NASA has selected Lockheed Martin to build the Mars Ascent Vehicle (MAV), a small, lightweight rocket that is poised to become the first ever rocket to launch rock, sediment, and atmospheric samples from the surface of the Red Planet.
The award brings NASA a step closer to the first robotic round-trip to bring samples safely to Earth through the Mars Sample Return Program.
Set to become the first rocket fired off another planet, the MAV is a crucial part of a campaign to retrieve samples collected by NASA’s Perseverance rover and deliver them to Earth for advanced study.
NASA’s Sample Retrieval Lander, another important part of the campaign, would carry the MAV to Mars’ surface, landing near or in Jezero Crater to gather the samples cached by Perseverance. The samples would be returned to the lander, which would serve as the launch platform for the MAV. With the sample container secured, the MAV would then launch.
Once it reaches Mars orbit, the container would be captured by an ESA (European Space Agency) Earth Return Orbiter spacecraft outfitted with NASA’s Capture, Containment, and Return System payload. The spacecraft would bring the samples to Earth safely and securely in the early- to mid-2030s.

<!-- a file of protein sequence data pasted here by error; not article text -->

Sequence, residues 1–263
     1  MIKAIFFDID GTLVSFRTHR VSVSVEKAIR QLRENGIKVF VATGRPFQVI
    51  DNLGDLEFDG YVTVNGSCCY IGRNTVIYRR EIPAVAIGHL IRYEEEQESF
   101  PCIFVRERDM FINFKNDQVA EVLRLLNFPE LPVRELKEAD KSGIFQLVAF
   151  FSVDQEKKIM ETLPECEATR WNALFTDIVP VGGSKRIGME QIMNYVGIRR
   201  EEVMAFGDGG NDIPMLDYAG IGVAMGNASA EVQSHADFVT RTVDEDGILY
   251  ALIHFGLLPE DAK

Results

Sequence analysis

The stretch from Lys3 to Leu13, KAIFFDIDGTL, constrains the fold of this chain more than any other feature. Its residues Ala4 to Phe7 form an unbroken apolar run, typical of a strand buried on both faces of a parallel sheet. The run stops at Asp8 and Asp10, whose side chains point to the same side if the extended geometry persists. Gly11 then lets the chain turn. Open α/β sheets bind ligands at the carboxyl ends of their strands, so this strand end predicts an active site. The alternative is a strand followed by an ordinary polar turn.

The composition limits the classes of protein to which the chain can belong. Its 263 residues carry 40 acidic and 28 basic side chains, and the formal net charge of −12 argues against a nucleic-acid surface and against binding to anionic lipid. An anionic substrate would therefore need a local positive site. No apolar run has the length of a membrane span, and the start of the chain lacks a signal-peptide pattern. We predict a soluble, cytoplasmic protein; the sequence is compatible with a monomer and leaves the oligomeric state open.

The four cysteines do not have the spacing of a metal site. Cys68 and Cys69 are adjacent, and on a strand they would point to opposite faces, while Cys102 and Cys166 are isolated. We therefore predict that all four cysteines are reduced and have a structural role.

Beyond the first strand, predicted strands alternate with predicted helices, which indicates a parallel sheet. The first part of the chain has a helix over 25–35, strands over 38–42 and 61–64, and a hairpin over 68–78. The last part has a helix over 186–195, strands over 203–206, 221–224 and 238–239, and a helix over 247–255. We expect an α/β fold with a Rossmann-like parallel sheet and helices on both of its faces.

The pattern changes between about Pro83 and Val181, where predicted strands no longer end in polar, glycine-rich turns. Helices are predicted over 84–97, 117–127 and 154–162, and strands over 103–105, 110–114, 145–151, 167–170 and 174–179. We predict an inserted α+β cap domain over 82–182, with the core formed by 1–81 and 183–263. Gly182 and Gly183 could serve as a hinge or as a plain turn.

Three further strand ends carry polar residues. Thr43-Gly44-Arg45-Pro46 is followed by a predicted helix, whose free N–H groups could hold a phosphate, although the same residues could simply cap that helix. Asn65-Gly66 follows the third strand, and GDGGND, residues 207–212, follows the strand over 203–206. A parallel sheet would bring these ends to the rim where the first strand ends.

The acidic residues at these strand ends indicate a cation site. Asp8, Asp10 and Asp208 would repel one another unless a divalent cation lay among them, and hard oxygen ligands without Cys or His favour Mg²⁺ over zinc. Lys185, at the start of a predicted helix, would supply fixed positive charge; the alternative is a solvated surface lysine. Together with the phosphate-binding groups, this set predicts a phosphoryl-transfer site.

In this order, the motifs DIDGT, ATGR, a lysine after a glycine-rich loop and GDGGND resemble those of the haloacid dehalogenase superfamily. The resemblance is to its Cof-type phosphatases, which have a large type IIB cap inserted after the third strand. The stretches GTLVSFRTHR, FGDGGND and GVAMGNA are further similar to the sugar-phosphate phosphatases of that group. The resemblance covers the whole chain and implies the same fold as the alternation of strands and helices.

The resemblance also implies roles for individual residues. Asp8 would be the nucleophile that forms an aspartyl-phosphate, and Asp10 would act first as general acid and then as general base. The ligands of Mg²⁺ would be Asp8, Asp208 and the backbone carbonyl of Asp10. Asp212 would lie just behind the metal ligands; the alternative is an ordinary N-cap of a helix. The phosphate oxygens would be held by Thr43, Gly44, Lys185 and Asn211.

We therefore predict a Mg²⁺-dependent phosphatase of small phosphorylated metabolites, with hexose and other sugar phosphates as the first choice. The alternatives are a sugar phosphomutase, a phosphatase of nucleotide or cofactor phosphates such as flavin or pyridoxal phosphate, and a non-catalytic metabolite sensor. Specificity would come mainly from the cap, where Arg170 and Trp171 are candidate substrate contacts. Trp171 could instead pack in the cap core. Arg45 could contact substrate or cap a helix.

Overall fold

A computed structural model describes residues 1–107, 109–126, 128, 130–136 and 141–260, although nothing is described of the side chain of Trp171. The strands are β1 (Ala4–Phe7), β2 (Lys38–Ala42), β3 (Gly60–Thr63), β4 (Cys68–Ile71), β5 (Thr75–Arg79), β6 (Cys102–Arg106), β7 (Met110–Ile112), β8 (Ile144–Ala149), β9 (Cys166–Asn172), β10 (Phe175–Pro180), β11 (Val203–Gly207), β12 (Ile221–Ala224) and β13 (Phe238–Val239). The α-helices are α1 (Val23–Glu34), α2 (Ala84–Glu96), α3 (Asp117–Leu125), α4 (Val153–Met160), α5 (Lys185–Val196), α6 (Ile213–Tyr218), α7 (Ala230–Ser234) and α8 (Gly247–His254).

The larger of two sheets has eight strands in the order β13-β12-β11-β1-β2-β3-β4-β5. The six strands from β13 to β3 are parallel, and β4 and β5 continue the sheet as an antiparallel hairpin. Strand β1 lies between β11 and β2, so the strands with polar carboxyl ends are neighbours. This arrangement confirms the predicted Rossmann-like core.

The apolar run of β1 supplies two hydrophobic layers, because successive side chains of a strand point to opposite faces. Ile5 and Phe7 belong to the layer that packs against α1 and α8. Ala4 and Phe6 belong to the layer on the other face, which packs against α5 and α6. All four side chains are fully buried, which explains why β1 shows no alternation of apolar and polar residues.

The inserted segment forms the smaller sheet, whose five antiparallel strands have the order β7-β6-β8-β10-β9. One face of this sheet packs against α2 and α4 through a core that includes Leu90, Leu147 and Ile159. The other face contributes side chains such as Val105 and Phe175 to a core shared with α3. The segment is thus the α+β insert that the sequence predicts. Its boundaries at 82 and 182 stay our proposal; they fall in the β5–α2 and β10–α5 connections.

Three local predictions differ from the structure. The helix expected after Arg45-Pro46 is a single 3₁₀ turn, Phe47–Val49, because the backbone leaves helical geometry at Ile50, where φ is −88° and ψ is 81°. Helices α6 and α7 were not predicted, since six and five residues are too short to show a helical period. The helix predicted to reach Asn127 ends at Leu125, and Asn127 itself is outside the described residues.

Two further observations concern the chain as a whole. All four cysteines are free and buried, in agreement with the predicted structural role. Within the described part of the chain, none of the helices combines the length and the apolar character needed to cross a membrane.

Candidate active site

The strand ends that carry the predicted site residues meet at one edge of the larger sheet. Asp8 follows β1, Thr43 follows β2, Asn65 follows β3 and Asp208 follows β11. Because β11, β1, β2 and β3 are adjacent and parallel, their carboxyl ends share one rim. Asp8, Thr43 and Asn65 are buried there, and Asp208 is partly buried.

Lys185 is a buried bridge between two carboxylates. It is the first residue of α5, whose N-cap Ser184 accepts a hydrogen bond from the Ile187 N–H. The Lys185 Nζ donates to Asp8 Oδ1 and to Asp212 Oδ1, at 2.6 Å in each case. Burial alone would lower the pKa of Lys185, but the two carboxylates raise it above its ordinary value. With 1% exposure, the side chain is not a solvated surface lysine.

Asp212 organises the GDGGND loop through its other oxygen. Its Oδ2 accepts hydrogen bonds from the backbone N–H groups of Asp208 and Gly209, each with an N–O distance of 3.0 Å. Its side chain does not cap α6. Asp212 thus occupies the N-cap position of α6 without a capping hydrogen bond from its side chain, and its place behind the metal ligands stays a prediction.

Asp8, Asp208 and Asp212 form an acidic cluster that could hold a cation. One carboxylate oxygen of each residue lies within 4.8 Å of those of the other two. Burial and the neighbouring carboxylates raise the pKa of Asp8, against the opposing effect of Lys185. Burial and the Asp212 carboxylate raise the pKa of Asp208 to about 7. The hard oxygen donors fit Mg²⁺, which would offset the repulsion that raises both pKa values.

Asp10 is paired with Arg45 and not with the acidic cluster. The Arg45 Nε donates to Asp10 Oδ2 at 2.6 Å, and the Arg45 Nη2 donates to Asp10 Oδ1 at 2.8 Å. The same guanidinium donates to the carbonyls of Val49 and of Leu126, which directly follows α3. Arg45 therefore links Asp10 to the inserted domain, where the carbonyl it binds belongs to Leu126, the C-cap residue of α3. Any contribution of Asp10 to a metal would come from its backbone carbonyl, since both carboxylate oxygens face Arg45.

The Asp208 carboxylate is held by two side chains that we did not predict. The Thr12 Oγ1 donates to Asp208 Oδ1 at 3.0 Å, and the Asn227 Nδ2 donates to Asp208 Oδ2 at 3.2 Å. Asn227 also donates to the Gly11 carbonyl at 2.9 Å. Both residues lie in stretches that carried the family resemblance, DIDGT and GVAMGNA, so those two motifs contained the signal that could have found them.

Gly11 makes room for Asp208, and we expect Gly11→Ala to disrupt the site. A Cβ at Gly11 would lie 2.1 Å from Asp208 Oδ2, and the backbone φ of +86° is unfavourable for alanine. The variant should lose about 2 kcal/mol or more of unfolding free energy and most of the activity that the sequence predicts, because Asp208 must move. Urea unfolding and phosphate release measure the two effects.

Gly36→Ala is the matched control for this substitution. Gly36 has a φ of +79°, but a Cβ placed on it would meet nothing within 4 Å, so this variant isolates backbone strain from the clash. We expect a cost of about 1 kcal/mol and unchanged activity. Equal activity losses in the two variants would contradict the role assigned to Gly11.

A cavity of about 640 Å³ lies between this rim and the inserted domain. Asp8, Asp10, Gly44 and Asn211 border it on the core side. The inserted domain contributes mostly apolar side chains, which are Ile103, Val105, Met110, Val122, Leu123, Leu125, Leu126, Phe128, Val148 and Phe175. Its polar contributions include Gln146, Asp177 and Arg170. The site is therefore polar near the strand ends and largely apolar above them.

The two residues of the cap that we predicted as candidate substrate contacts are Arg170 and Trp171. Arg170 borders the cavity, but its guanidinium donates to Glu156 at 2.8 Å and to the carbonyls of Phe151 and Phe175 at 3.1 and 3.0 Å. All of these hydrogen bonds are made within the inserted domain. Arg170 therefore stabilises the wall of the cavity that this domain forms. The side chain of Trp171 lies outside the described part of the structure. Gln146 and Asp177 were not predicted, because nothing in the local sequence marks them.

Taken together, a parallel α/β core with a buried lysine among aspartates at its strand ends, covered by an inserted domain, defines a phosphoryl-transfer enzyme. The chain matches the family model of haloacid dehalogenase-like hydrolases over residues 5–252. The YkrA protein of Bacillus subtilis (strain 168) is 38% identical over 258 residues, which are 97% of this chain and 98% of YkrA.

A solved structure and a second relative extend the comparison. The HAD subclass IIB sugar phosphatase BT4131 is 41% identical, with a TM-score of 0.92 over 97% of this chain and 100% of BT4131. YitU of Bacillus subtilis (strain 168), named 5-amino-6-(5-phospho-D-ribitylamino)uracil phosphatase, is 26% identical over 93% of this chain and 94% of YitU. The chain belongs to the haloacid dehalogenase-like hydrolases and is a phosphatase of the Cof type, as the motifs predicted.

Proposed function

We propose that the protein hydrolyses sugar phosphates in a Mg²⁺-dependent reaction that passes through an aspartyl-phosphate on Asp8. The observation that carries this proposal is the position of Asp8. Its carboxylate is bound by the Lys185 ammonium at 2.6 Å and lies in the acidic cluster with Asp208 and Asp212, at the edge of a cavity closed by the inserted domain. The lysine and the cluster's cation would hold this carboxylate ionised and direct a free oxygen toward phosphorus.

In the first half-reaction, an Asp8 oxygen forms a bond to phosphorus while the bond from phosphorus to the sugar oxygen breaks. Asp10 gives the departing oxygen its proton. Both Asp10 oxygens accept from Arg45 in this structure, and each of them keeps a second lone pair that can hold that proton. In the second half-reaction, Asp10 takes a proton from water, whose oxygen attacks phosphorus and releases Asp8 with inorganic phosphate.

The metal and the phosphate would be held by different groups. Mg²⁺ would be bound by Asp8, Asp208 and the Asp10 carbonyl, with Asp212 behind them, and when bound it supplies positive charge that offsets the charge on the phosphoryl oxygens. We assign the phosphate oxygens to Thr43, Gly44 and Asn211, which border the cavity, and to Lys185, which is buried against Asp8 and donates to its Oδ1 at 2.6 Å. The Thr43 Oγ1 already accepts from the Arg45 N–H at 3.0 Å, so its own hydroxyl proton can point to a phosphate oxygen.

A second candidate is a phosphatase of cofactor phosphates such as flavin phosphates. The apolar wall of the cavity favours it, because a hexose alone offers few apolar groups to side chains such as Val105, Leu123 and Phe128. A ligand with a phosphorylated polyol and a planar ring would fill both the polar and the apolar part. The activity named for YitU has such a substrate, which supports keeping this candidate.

“This groundbreaking endeavor is destined to inspire the world when the first robotic round-trip mission retrieves a sample from another planet – a significant step that will ultimately help send the first astronauts to Mars,” NASA Administrator Bill Nelson said. “America’s investment in our Mars Sample Return program will fulfill a top priority planetary science goal and demonstrate our commitment to global partnerships, ensuring NASA remains a leader in exploration and discovery.”
Returning a sample is complicated, and MAV faces some complex development challenges. It must be robust enough to withstand the harsh Mars environment and adaptable enough to work with multiple spacecraft. It also must be small enough to fit inside the Sample Retrieval Lander. The Sample Retrieval Lander is planned for launch no earlier than 2026 from NASA’s Kennedy Space Center in Florida.
Lockheed Martin Space will provide multiple MAV test units and a flight unit. Work under the contract includes designing, developing, testing, and evaluating the integrated MAV system, and designing and developing of the rocket’s ground support equipment.
The cost-plus-fixed-fee Mars Ascent Vehicle Integrated System (MAVIS) contract has a potential value of $194 million, according to NASA. The agency previously contracted Northrop Grumman to provide solid propulsion systems and controls for MAV.
NASA said the Mars Sample Return Campaign promises to revolutionize the understanding of Mars by bringing scientifically selected samples for study using the most sophisticated instruments around the world. The campaign would fulfill a solar system exploration goal, a high priority since the 1970s and in the last two National Academy of Sciences Planetary Decadal Surveys.